Limpag: Alex Eala

Fair Play

IT SEEMED a lifetime ago but it was only last February when a triumphant Alex Eala returned to the country after winning the Australian Open junior girls doubles title with Indonesian Priska Madelyn Nugroho. A few days ago, her maiden appearance in the French Open girls division saw her making it all the way to the semifinal round before falling to third seed Elsa Jacquemot of France, 6-3, 6-2.

Her semifinal run came after she made it also to the second round in the US Open after fighting through the qualifying round.

Currently ranked No. 4 in the world, the 15-year-old Pinay, who has been training at the Rafael Nadal Academy in Spain, is the most successful junior player from the Philippines in recent years. We’ve had a couple of junior doubles grand slam winners in the past but they weren’t as successful in the singles play.

I think its only Eala who has had success in both singles and doubles play and I hope to see her succeed in future competitions and make her mark in the women’s tour.

I know that’s a long way off for the leftie but if she succeeds in the women’s tour, it would be a big boost to tennis in the country. I remember the buzz created with Cecil Mamiit’s victory in the US Open over Andre Agassi close to two decades ago when we all learned he had Filipino lineage. Just imagine what would happen if our own homegrown athlete does the same in the women’s tour.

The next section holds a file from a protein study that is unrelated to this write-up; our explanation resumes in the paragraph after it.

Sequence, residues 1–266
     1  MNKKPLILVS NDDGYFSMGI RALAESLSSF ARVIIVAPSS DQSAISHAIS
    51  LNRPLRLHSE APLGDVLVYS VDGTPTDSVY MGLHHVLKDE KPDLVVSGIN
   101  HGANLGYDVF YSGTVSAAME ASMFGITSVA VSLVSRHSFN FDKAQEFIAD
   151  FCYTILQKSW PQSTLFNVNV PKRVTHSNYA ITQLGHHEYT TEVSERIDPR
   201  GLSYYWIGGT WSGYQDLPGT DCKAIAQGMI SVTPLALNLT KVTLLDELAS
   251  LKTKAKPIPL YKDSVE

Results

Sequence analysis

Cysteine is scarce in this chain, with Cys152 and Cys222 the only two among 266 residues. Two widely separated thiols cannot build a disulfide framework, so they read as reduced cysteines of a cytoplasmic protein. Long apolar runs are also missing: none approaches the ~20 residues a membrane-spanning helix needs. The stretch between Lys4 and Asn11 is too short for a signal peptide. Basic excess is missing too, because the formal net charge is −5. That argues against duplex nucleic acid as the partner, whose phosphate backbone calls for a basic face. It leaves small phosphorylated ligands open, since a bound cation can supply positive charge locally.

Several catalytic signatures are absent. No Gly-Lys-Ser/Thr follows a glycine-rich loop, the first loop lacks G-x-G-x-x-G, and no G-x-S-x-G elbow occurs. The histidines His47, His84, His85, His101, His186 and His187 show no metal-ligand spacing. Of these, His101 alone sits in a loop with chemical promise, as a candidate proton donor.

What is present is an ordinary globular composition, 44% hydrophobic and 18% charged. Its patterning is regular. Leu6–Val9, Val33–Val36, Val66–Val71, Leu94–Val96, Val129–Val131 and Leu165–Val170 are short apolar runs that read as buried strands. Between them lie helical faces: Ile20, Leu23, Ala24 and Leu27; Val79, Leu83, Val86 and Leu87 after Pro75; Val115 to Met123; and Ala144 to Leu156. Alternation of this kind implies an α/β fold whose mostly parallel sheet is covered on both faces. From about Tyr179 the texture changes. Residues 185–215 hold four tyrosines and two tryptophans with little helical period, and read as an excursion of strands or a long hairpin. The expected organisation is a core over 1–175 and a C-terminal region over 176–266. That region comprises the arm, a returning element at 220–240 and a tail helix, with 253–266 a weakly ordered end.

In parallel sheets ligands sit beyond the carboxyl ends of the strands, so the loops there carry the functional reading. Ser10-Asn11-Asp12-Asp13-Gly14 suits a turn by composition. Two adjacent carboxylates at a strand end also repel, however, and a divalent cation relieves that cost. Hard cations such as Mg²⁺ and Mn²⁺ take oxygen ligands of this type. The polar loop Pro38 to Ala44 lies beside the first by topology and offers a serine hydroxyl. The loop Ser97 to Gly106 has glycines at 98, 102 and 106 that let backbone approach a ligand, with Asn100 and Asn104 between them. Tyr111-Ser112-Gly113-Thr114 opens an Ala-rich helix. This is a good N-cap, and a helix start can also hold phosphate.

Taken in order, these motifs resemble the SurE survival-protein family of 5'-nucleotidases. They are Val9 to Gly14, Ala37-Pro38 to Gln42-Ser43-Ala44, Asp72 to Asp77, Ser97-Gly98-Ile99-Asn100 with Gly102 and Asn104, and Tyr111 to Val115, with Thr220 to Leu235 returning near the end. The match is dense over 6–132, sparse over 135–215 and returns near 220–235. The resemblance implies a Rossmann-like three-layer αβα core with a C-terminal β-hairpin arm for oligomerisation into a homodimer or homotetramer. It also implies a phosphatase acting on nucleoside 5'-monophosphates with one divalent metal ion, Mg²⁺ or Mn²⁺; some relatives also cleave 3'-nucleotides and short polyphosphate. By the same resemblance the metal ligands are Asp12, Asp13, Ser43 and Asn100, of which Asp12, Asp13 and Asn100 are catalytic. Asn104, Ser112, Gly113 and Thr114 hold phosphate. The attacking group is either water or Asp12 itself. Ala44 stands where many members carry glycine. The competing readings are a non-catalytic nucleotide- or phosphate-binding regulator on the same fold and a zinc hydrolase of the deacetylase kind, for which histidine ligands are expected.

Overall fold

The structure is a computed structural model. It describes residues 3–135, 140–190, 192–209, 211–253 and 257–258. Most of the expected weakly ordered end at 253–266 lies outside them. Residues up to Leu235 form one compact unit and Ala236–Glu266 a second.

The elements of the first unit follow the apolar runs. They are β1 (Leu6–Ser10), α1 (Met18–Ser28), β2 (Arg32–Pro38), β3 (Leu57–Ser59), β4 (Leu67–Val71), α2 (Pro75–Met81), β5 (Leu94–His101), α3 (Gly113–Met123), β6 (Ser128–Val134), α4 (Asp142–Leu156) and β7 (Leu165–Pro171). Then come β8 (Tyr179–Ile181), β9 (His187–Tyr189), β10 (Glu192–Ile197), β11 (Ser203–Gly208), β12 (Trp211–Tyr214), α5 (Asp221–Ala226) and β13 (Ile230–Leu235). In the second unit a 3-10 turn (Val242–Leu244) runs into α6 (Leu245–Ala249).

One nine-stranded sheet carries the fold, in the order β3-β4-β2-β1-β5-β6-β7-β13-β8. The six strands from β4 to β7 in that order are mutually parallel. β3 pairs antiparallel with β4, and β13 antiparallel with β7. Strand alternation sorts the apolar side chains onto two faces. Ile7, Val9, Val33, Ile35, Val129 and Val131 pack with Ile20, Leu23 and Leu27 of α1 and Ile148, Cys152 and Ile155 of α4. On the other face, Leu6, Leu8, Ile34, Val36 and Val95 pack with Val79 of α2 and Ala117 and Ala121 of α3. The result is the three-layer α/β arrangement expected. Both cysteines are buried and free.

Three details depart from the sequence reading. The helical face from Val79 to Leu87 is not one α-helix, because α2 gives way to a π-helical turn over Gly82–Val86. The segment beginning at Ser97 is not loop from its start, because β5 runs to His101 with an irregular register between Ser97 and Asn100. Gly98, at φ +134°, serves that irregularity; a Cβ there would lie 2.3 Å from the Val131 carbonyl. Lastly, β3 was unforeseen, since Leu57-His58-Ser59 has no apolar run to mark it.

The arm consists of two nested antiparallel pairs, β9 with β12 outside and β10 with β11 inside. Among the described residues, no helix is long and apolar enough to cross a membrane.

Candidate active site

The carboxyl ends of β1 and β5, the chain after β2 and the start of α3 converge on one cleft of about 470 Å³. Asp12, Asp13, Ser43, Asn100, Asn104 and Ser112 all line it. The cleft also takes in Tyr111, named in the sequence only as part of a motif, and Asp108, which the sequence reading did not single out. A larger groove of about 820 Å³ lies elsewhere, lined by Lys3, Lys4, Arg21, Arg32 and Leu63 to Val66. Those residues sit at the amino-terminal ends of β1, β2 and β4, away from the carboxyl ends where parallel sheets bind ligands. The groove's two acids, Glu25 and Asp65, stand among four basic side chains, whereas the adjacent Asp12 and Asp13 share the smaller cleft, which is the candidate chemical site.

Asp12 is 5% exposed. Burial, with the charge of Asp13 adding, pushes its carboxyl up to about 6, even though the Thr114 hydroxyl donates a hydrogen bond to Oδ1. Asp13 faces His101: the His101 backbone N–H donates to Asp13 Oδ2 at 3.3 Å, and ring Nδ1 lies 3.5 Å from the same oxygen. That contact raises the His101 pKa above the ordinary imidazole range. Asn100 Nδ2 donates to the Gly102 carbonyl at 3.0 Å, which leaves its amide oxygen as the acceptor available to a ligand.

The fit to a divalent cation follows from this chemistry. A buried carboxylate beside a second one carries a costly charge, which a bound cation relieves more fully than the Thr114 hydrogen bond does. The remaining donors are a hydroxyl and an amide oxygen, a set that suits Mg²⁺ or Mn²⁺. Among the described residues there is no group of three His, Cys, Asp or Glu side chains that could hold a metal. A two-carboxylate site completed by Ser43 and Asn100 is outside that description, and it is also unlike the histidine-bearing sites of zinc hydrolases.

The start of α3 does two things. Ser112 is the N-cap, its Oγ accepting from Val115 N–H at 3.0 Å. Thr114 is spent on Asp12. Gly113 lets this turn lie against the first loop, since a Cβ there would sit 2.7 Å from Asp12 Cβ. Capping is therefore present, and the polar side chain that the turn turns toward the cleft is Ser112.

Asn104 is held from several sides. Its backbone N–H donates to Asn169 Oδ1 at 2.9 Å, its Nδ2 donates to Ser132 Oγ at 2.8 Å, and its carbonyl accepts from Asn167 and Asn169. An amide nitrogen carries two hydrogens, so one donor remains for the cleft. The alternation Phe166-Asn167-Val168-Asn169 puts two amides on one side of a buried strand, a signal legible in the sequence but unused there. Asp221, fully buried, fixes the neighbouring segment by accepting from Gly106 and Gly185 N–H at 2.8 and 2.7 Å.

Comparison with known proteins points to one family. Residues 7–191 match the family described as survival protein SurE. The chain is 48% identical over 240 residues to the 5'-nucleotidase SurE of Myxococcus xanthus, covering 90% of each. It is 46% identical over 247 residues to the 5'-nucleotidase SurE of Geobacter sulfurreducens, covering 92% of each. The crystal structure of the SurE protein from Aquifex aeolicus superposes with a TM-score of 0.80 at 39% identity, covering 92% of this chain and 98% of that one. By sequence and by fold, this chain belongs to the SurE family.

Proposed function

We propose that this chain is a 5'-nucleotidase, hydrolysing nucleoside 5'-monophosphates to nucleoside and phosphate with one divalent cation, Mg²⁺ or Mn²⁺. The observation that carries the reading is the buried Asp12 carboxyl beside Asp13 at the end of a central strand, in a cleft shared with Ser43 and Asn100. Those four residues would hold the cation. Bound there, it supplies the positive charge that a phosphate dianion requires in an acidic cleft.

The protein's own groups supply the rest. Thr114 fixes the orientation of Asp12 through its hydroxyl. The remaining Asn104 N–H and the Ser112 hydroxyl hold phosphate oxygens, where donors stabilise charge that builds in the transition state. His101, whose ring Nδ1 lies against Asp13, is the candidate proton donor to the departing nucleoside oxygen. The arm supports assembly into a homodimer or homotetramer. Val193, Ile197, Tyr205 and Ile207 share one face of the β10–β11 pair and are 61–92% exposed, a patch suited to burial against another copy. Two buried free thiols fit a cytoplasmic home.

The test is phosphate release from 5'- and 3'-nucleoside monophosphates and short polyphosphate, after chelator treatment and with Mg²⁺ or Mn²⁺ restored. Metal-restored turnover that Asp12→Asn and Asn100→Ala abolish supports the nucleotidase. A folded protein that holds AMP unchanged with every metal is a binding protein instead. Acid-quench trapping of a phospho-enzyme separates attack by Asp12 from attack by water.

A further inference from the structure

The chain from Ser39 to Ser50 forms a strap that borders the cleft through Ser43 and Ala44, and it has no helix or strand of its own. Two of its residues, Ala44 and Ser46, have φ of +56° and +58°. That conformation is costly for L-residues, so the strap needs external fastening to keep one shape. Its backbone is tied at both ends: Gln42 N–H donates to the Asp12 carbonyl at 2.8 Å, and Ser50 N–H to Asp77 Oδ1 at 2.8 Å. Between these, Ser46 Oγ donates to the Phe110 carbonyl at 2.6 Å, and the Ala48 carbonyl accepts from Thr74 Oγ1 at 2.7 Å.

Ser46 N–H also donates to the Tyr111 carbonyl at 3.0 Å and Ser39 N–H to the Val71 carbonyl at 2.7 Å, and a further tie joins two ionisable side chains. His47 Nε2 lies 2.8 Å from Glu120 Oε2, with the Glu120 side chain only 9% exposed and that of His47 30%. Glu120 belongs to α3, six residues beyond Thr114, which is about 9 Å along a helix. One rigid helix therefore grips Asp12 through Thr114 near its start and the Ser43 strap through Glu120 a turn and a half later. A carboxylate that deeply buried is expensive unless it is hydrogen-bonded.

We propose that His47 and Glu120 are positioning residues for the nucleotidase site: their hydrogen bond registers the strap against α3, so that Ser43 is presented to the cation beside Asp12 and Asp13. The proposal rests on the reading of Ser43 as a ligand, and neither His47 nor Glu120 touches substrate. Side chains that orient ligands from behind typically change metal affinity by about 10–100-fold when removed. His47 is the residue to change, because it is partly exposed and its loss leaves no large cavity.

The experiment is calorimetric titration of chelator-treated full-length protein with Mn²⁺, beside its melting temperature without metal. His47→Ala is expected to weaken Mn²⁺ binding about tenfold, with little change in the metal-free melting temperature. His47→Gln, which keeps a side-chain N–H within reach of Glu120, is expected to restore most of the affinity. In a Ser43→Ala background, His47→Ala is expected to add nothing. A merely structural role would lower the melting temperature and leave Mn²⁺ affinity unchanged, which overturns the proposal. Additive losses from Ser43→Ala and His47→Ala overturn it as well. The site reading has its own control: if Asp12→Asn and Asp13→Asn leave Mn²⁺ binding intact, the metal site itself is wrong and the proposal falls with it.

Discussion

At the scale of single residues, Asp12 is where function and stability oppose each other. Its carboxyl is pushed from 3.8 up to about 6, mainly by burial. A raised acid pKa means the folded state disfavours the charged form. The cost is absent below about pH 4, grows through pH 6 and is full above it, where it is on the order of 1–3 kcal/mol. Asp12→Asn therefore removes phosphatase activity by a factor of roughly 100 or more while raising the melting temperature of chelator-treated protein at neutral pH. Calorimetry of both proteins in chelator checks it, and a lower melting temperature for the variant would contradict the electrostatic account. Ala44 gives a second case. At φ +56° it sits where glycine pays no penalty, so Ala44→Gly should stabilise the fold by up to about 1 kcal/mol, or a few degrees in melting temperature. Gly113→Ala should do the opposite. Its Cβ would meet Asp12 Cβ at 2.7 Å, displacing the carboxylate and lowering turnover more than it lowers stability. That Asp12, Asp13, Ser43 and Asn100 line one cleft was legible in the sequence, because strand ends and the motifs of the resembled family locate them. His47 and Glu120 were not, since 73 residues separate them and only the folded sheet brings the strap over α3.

Tennis is a tough sport and even in the Southeast Asian region, we’ve seen our local kids compete and win against kids in the 12 and 14-Unders. However, somehow that transition from the 14-Unders to the older age brackets has created a gap with our neighbors.

Lucky players like Eala and a few others based in Manila cut that gap short by training in Spain under world-class coaches.

And sadly enough, our local players weren’t helped by the political intramural of the local tennis associations, which for a time, led to a dip in the number of youth events.

Hopefully, Eala’s recent success will lead to more youth events nationally and perhaps a couple or more slots for deserving players in prestigious camps like the Rafael Nadal academy.

I’ve always believed that given the right training and exposure, our young tennis players should be at par with the best of the world and it’s good that Eala is blazing the trail for future female players in the country.


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